In the dock: the thieves who took goods on an industrial scale

Courts sit through the night to hear 2,000 cases as police raids continue to recover massive hauls

It was the "Bad Samaritan" moment which broadcast to the world the depths to which the looters had sunk. As 20-year-old student Ashraf Rossli stood bleeding with a broken jaw after being mugged in Barking, east London, a man pretending to help him instead stole his remaining possessions from his rucksack.

Yesterday, 20-year-old Reece Donovan, from Chadwell Heath, Romford, stood in the dock at City of Westminster Magistrates' Court accused of stealing Mr Rossli's portable Sony PlayStation and Nokia mobile phone.

The student moved to the UK from Malaysia less than a month ago, after winning a scholarship to study accounting, and intends to stay despite his ordeal. His mugging was filmed by an onlooker and posted on the internet, where it has been viewed by millions around the world.

Dressed in a grey T-shirt and blue tracksuit top, Mr Donovan spoke only to confirm his name, date of birth and address. He will appear in Wood Green Crown Court on Friday.

The roll call of the accused since the riots began in Tottenham just over a week ago is soaring. Across the UK, more than 2,000 people have been arrested, and last night more CCTV pictures were released by police.

In Birmingham and the Midlands, 509 have been arrested. Last night, the investigation there into the hit-and-run deaths of three men led to the charging of a man and a teenager for murder. Haroon Jahad, Shazad Ali and Abdul Musavir all died afterbeing hit by a car in the Winson Green areas on Wednesday.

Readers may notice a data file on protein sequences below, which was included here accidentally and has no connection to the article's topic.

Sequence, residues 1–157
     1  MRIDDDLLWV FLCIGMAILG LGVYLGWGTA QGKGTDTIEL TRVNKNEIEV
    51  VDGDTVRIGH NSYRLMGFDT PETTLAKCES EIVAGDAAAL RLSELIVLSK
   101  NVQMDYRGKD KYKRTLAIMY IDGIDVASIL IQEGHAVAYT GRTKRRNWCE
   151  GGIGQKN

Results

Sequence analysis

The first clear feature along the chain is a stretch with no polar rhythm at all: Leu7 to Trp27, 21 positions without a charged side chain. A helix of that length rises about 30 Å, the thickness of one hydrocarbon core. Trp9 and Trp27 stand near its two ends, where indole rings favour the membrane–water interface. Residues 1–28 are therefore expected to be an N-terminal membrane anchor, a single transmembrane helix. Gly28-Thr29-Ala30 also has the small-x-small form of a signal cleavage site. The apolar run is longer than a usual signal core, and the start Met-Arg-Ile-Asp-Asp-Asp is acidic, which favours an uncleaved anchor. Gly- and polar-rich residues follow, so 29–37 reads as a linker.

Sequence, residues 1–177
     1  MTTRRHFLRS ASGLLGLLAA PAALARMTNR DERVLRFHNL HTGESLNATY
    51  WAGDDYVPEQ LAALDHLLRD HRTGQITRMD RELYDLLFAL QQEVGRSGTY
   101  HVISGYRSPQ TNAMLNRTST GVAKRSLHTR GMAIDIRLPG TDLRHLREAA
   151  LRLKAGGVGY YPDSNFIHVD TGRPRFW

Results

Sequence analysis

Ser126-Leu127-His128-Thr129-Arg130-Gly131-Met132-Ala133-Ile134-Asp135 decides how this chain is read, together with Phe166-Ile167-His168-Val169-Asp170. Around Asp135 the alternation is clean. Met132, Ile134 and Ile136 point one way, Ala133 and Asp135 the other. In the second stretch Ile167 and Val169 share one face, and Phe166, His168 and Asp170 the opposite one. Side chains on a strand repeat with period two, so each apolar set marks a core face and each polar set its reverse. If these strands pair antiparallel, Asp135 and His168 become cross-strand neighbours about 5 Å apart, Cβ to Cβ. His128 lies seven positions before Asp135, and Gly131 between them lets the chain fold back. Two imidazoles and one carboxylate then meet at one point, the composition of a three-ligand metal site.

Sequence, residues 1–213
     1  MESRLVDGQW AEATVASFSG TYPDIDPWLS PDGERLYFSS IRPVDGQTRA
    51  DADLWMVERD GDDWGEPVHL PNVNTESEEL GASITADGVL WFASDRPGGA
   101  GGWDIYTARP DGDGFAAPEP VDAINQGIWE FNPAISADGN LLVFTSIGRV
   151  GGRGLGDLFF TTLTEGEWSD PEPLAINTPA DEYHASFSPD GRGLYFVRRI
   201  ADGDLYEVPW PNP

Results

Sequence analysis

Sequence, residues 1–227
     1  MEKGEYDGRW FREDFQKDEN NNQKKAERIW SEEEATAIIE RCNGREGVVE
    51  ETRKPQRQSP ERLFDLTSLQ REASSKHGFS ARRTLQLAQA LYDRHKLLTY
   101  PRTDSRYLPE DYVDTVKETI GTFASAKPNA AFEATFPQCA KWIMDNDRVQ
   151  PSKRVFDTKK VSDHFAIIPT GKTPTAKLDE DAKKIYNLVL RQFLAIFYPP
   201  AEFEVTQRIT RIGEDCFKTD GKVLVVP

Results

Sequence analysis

In Greater Manchester, 208 have been arrested; and in Nottingham the number detained reached 117 last night. In Liverpool, where more than half the accused are under 17, 64 have been taken into custody. A further 20 have been arrested in Gloucester.

In London, 1,225 people have been arrested so far and the Metropolitan Police expect more than 3,000 to be convicted once their investigations are concluded. Yesterday, a 33-year-old man was the fourth arrested in connection with the fire which destroyed the Reeves furniture store in Croydon on Monday. A fifth man – aged 26 – was arrested in relation to the gun murder of Trevor Ellis in Croydon on the same night.

As police continued to raid alleged looters' homes, the thieving during the riots has become clear. At one address in the Jewellery Quarter of Birmingham, more than £30,000 in cash was recovered and a 20-year-old woman arrested believed to have been involved in looting an Armani store.

Since Thursday, courts have sat through the night to process the huge number accused of theft and violence in their own communities.